Fish vision: what you see is what you get

Look at that bass. Can't see it? Even when you are perched high atop the front deck of your bass boat wearing polarized sunglasses? You can bet that it sees you (or at least the submerged parts of your boat). And knowing what a bass sees can be valuable information when it comes to bait and color selection, helping to level the playing field for anglers — even when the fish sees the angler first.

What bass see and how they see were once a source of contention amongst those in the fishing and scientific world. Anglers, in attempts to give themselves an edge over this prolific predator, wanted to know what colors, shapes and sizes to use and when to use them. Thanks to research done in the late 1970s and early 1980s on fish and color preference plus the on-going research at the Berkley, we now have a better understanding of what the world looks like through the eyes of a bass.

When comparing a bass's vision to a human's, we know that these fish have the same rods, cones and depth perception as we do and that their night vision — much like ours — is largely black-and-white. We also know that bass can see colors — even different shades of colors — and that variables such as water clarity and sunlight can help or hinder how certain colors are perceived. Silhouettes, brightness and flashes (like those on the blade of a spinnerbait or on the side of a crankbait) also peek the interest of bass. Think about watching a TV commercial: shapes, contrasts in colors and movement all catch the viewer's eye. Bass are opportunistic hunters who look for the same things when they are in a feeding mode and interpret things like the distinctive flutter of a Berkley Gulp! Sinking Minnow or the wiggle of a Power Worm as a food source.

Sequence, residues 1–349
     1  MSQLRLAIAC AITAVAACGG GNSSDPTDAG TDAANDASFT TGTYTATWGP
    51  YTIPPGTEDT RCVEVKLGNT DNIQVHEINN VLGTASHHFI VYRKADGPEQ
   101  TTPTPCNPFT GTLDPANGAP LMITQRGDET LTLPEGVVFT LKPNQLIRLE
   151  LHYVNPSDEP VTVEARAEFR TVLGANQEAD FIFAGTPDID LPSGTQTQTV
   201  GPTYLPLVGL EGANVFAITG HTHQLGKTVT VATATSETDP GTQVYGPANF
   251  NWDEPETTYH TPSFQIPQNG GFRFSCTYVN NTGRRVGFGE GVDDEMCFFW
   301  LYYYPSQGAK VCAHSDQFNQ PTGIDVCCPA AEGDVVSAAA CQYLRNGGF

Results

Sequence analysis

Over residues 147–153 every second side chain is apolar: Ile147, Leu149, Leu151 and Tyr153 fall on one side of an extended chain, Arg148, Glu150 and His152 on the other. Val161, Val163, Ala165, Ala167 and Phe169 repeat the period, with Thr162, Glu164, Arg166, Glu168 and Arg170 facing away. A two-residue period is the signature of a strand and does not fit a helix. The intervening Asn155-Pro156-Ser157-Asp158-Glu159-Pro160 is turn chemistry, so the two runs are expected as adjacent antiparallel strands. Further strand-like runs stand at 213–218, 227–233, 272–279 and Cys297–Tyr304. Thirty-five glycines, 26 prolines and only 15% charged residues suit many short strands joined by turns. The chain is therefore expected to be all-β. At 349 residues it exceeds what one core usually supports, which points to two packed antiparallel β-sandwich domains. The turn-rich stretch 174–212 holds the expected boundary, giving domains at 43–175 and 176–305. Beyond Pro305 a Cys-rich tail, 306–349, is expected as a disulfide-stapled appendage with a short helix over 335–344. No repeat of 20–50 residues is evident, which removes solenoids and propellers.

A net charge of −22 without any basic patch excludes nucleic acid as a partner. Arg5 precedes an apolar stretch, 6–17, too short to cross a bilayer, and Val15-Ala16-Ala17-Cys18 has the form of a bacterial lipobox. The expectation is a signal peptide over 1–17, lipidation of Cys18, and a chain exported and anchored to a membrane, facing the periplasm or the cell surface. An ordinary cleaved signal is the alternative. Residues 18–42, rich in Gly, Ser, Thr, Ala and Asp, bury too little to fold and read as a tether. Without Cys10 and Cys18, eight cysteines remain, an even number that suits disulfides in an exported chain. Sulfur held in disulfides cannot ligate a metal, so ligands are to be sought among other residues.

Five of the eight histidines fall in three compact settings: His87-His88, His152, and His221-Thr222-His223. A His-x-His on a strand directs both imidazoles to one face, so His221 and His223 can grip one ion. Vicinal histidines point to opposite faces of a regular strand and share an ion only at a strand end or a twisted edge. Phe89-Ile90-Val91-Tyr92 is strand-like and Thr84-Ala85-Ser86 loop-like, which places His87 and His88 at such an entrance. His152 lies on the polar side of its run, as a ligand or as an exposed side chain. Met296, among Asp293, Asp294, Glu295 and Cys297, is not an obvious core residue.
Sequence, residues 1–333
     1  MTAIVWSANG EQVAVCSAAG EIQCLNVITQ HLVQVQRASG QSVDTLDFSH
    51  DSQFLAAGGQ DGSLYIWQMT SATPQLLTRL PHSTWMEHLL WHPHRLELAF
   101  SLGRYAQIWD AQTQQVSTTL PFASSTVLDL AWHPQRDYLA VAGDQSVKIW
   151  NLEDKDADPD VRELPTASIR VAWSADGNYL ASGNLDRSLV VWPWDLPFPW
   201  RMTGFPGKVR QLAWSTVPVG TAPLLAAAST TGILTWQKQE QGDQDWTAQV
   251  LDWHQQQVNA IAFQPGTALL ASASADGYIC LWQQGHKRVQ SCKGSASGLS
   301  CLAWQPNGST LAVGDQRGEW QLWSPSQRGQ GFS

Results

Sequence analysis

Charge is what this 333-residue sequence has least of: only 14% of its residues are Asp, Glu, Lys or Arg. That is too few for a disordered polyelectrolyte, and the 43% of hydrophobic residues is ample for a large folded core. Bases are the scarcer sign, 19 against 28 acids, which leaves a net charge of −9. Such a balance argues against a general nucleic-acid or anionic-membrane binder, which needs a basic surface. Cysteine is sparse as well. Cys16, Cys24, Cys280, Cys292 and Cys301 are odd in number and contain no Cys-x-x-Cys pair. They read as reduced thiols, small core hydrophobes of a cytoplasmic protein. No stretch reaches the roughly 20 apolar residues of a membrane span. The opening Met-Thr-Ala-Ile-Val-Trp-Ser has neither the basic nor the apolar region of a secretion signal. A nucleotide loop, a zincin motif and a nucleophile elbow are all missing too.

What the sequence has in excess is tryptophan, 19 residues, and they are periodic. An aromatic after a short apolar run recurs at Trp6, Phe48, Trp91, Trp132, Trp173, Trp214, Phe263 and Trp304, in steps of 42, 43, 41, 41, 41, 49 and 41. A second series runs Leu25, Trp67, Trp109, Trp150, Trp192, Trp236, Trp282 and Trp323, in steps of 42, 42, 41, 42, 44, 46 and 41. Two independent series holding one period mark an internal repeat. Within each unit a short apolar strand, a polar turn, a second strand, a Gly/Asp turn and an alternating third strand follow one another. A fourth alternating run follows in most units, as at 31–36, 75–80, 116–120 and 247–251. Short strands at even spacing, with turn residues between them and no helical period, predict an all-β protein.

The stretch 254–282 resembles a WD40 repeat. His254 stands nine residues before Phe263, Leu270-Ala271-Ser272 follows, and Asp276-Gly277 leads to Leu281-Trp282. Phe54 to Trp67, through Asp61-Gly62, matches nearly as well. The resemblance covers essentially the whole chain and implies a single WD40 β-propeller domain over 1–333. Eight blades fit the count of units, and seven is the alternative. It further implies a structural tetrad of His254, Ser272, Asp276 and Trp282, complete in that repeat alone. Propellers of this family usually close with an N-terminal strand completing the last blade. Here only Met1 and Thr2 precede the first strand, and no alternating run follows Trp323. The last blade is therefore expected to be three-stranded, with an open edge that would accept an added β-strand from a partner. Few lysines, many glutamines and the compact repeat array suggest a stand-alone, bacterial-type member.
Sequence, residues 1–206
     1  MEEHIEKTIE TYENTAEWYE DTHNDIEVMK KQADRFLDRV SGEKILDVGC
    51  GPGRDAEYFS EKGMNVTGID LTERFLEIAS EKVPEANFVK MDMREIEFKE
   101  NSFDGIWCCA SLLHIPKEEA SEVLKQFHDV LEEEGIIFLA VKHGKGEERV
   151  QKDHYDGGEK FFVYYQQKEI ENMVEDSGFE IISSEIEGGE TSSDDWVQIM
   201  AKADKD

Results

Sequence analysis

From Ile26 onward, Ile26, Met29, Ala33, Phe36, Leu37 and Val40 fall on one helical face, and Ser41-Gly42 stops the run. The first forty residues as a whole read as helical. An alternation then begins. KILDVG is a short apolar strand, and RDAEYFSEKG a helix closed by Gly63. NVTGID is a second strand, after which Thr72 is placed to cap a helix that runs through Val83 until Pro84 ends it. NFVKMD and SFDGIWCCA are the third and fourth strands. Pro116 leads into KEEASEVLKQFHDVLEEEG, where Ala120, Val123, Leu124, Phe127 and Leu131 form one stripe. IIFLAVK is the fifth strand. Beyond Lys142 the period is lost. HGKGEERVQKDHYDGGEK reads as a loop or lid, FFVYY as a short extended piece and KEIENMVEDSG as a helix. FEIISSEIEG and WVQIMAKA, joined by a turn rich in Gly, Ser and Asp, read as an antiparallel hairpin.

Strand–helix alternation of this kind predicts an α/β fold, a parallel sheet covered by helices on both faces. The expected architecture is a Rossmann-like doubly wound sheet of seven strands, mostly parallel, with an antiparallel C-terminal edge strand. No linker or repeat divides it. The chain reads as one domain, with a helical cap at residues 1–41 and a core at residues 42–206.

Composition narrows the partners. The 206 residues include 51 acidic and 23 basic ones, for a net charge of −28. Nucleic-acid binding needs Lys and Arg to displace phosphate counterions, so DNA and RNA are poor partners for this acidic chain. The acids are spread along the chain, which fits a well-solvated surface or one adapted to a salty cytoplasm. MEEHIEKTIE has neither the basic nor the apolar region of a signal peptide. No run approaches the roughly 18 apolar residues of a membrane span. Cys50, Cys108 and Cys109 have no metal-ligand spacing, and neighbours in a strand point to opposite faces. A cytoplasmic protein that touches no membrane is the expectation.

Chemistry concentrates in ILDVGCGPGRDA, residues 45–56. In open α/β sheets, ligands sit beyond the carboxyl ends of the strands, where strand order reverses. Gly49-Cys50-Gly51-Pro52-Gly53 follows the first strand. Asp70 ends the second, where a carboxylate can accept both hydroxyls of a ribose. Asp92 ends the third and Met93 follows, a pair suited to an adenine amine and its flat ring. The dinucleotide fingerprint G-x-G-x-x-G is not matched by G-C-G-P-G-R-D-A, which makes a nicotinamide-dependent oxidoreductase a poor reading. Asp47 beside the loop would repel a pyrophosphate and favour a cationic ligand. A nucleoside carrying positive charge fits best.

But whereas anglers might struggle spotting fish in the water due to glare, refraction and other factors, bass's vision has adapted in that environment making them as adept at seeing underwater as we are on land. Bass have also evolved heightened senses to minimize the negative effect of their blind spots.

Unlike most terrestrial predators that have forward-facing eyes, bass have eyes on opposite sides of their head causing blind spots immediately in front of their face, underneath their bodies and directly behind the eye — all up to certain degrees of angle. To make up for these blind spots, bass will use other senses like scent and their lateral lines to detect potential meals and potential danger, so there's no fear that bait will be passed up because a bass "didn't see it." If it is time to eat or to protect the nest, rest assured a bass will eradicate the area of the intruder — provided that the intruder is not too big.

When developing a pattern for bass, keep in mind how bait looks in the water. If the shape, color and action don't catch the eye, chances are it won't catch the eye of a predatory bass, either.